The treatments were evenly coated at a consistent rate of application speed, moving up and down each sub-plot. The person spraying would spray one sub-plot at a time by going north and south, and then going in an east-west direction, so the spray occurred from two directions, thus fully and evenly coating a sub-plot.

In my next and final blog I will discuss the results of the experiment as well as the impact of natural events that plagued the experiment over the course of the summer.

Nails are placed appropriately on the outside perimeter of the total plot. The nails held the string tightly in place so that the corners in the inside not measured out or marked held by nails can be seen and marked with spray paint. A single continual piece of string was used to mark out the entire plot

One of the last of the inside corners, not supported by nails but now visible because of the string, is being sprayed.

Filling the backpack sprayer with a fungicide treatment that had been weighed out the day before in our Curtiss laboratory and then transported (dry) to the location in a 2 liter bottle and then filled with 1.5 liters water right before the spray.

Applying the fungicide treatment by backpack sprayer on previously marked out 5-ft x 4-ft plots at the WOI green.


Improving Accuracy of Disease Rating for Dollar Spot on Turf

September 27, 2010

The following is a post from a student named Steve Johnson. He is an undergraduate who was working for Dr. Mark Gleason on a pathology research project this summer. He is doing this as part of the requirement for his Hort 391 special studies course. Hopefully, this will start a trend and we will have several other posts like it this fall.

Steve Johnson, Soph. Summer Intern Blog #1

Many turfgrasses are susceptible to fungal diseases and this leads to many maintenance issues for turf practitioners.  In response to the detrimental effects of turf diseases caused by a wide assortment of fungi, a precise reading of the amount of turf infected by a disease is needed to determine the proper course of action.

In evaluating alternatives for suppressing turf diseases, its important to have a method to separate the effective treatments and the from the less effective ones.  This often requires replicated field trials, often at multiple sites, comparing each alternative in the same turfgrass stand.  But how, exactly, does one measure disease severity.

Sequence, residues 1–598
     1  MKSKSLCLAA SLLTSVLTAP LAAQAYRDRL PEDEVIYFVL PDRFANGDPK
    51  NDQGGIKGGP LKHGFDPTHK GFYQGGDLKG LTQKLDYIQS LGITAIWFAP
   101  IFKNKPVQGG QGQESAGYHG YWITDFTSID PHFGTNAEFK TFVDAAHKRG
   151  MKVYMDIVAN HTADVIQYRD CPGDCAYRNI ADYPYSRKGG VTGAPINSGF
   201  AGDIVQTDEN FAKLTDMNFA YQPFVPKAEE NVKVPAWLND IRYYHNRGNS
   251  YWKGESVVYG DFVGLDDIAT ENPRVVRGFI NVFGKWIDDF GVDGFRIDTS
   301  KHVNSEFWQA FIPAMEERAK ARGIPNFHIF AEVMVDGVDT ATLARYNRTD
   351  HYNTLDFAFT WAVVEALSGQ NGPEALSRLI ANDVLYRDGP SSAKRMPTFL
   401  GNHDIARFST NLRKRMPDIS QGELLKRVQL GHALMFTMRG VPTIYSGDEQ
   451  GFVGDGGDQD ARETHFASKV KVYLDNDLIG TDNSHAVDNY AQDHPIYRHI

Disease severity is usually measured by some sort of visual estimation method.  In other words, you look at the turf that was treated with each respective fungicide treatment and try to visually estimate a number a represents how severe the disease symptoms appear.  This is not always accurate and may not be consistent from one rating to the next or from person to person.

As an example of this, lets consider the turf disease dollar spot, caused by the fungus Sclerotinia homeocarpa. Dollar spot is a relentless disease that is recognized by it distinctive lesions that are often the size of the a silver dollar and the lesions can grow together in severe cases.  Dollar spot is the most expensive disease to control on golf courses across much of the Midwest and Eastern United States.

In comparing dollar spot fungicide treatments to each other, how can we measure disease severity?  One way is to estimate the percentage of the plot that has turned brown due to the disease.  But one person rating the percentage of dollar spot may come up with a different number than someone else.  Others have two people rate the same plot independently of each other.  So how can we be sure that the disease ratings are consistent and reliable? 

Evaluating a way to accurately estimate dollar spot severity on greens-height creeping bentgrass was the objective of this study.  We wanted to find out how different two people would rate the same turf plots, and then average the ratings to reduce bias from individual ratings.  A trial was conducted during the summer of 2010 at the ISU Horticulture Research Station to evaluate dollar spot severity on creeping bentgrass.

The results of this study are mean to be relevant for disease severity ratings of many diseases and grasses, not just bentgrass and dollar spot.  


Examples of turf from the Hort farm plots infected with dollar spot.

1 and 2.

ISU Horticulture Farm turf plot marked out for the experiment. The white string was used to show where the corners of each were.  We then spray-painted the corners in order to visually locate where each plot was without the strings.  The strings were removed after all the corners had been painted so regular maintenance could continue.

WOI green located just north of Roy J. Carver Co-Lab on the northwest edge of the ISU campus.  It was marked out and prepared for the experiment in the exact same manner as the plots at the Research Station.